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OSCAR LOVES TRAGEDY.
Although the Academy is often attracted to inspirational material, there's considerable precedent for the top prize going to more tragic stories, including 1949's All the King's Men, 1954's On the Waterfront, 1969's Midnight Cowboy, 1971's The French Connection, 1972's The Godfather, 1974's The Godfather Part II, 1978's The Deer Hunter, 1992's Unforgiven, 1997's Titanic, 2004's Million Dollar Baby, and 2007's No Country for Old Men. Ending on a distinctly bleak note gives a film a sense of weighty import in the eyes of voters. Given the general superficiality of so many of its potential opponents, Foxcatcher's somber tone and desolate finale should be an asset.

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STEVE CARELL'S AND CHANNING TATUM'S TRANSFORMATIONS
While the Academy likes to bestow Best Picture to films based in reality, it loves to do so in the Best Actor category, in which seven of the past 10 winners played real people (Jamie Foxx in Ray, Philip Seymour Hoffman in Capote, Forest Whitaker in The Last King of Scotland, Sean Penn in Milk, Colin Firth in The King's Speech, Daniel Day-Lewis in Lincoln, and Matthew McConaughey in Dallas Buyer's Club).

That means the odds are heavily in Steve Carell's favor next February for his startling turn as Foxcatcher's du Pont. His chances are augmented by the fact that the Academy likes to single out beloved but previously un-awarded actors in roles that require them to both step out of their comfort zones and drastically change their appearances.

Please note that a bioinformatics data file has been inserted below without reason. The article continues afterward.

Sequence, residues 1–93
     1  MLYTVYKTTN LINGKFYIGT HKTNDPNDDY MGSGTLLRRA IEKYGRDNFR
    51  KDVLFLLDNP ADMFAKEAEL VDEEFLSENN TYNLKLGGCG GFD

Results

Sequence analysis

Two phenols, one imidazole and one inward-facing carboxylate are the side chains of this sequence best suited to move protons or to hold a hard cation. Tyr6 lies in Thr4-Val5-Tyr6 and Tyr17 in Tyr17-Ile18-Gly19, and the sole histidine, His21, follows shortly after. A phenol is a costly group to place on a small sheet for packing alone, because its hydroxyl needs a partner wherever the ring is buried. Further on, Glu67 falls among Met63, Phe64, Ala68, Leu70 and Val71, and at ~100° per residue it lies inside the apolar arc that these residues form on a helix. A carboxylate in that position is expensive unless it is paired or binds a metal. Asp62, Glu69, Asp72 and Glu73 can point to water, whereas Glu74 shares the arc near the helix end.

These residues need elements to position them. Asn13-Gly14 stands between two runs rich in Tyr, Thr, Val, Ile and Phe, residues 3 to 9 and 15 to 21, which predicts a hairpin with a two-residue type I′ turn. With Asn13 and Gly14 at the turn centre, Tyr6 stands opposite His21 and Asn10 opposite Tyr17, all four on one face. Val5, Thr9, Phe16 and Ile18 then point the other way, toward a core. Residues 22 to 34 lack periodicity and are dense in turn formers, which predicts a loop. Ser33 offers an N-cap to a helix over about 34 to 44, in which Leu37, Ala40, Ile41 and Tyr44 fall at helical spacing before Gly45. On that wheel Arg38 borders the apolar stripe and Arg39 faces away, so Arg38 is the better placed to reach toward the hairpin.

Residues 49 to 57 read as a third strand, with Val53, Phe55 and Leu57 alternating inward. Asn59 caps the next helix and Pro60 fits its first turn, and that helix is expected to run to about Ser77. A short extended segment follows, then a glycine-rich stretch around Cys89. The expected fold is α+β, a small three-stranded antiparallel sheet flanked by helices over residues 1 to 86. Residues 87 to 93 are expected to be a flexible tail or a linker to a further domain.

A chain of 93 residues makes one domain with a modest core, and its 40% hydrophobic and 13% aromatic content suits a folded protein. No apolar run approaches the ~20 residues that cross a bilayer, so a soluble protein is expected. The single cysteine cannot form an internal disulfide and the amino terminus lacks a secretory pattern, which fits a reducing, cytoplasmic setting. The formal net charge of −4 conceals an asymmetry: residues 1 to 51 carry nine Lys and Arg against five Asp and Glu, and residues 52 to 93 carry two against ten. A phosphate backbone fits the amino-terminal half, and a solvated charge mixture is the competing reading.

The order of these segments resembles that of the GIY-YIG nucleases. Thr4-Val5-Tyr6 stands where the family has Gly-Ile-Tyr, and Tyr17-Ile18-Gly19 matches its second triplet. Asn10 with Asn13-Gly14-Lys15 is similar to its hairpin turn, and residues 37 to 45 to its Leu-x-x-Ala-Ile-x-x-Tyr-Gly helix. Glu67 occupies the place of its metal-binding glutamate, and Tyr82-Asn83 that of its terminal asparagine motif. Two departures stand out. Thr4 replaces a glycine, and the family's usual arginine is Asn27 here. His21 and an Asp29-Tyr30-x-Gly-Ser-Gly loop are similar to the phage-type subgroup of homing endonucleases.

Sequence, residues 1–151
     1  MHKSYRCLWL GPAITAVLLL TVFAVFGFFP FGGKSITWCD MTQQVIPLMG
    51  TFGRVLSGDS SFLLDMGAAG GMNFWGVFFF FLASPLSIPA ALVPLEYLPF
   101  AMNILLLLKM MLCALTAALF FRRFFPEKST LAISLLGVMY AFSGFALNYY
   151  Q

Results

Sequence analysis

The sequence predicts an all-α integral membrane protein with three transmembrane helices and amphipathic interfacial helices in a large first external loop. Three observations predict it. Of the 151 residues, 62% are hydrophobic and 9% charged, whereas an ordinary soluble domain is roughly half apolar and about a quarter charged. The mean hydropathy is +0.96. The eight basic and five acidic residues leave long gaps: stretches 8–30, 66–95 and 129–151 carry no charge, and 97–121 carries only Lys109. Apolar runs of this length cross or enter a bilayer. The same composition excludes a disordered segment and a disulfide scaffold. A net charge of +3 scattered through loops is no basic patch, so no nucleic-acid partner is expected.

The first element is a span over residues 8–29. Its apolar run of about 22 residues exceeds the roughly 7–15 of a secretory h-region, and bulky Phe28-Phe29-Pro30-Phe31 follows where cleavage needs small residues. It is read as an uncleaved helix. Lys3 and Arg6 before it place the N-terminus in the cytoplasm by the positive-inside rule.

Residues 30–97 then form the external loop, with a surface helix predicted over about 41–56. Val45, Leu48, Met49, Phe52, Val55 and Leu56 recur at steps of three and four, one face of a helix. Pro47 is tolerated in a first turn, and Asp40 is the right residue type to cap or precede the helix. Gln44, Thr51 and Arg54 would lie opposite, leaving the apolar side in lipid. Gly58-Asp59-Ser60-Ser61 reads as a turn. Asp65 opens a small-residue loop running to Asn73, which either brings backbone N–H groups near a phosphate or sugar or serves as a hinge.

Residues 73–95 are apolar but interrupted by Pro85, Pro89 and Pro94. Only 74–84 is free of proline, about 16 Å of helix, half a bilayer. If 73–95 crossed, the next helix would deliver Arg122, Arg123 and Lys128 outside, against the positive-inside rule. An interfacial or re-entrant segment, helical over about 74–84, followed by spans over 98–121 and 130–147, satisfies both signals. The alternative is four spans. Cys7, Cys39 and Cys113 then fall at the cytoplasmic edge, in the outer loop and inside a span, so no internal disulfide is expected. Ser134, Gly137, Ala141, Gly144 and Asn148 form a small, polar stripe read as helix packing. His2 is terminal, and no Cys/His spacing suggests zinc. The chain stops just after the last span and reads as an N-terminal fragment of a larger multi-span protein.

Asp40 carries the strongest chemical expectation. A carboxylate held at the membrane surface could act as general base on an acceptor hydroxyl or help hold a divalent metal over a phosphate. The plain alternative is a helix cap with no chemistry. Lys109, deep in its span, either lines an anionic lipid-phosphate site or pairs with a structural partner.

Think McConaughey's Dallas Buyer's Club weight loss, or Foxx's Ray impersonation, or Tom Hanks's Forest Gump mannerisms, or even Charlize Theron's Monster makeup work—all of them performances that demanded drastic external transformations by headliners who'd previously been thought of as good-looking stars rather than "serious" thespians. (Speaking of which, Tatum's surprisingly easy move to "serious" dramatic acting has been sped up a lot by Foxcatcher.) Carell's facial prosthetics and gray hair are merely additional elements that suggest he's a virtual lock for a prize, and further reason you should have Foxcatcher at the top of your Oscar pool stable now.

This article was originally published on esquire.com